(DP 1979-11) The Economic Costs of Children in the Philippines: A Survey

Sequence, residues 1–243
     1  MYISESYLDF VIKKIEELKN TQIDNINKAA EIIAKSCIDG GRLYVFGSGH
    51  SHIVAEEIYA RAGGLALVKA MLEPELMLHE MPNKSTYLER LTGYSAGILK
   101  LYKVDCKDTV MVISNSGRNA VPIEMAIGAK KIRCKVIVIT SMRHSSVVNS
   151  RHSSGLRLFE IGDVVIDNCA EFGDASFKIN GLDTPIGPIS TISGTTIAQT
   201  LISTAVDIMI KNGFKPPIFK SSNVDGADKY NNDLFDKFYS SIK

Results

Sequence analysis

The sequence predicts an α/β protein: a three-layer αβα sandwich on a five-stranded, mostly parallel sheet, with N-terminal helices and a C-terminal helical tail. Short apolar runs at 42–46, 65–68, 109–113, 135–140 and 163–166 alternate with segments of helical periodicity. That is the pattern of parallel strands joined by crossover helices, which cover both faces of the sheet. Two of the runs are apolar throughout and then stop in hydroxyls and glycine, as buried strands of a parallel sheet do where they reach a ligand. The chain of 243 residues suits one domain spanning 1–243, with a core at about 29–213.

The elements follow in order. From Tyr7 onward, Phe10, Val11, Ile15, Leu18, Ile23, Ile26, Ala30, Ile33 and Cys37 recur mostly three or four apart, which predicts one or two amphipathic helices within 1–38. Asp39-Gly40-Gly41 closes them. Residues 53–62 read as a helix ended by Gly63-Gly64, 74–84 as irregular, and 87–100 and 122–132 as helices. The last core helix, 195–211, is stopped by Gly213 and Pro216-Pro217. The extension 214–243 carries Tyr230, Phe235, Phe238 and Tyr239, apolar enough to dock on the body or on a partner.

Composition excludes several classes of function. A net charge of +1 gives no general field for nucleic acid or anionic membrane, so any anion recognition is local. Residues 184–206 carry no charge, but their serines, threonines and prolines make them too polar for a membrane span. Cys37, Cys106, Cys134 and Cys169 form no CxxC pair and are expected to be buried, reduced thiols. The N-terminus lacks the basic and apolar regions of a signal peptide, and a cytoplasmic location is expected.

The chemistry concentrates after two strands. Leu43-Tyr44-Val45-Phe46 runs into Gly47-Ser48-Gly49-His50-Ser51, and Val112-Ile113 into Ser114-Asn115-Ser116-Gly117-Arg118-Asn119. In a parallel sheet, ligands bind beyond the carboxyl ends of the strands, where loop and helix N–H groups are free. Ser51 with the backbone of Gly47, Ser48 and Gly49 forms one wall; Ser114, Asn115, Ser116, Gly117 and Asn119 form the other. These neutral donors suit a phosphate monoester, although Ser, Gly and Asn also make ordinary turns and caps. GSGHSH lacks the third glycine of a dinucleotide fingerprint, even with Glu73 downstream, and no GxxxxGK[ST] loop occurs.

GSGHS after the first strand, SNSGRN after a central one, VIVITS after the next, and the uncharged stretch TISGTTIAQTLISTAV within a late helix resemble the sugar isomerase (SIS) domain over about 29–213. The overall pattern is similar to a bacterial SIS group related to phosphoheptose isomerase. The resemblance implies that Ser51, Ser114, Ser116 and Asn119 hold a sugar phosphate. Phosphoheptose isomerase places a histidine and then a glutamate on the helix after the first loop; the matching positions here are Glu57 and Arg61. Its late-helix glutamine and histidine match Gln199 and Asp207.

This paper attempts to survey the state of the art on the economic costs of children. Relevant studies suggest rough orders of magnitude for the direct, indirect and social costs of children. The pattern of these costs seems consistent with the persistence of high fertility especially in rural areas. Direct cost appears sufficiently onerous but indirect (opportunity) costs do not seem to be a major consideration in the rural setting. These private costs, in any case, appear to be more than offset by the stream of economic benefits, not to mention non-economic satisfaction from children. By contrast, the social costs of high fertility seems considerable but are not material to the extent that fertility decisions are made within the household framework. Persistently high fertility may be further explained in the context of the threshold model. If a household is poor and/or rural (i.e., below the threshold), the graduation of a child from net consumer to net producer would, by definition, push the household up toward the threshold (and down the mother's labor force participation curve), helping to foster natural fertility. This graduation seems faster the poorer the household. The implication for policy, other than the obvious one of uplifting the masses from poverty, would seem to be to bring social cost considerations to bear on household fertility decisions through information and education.
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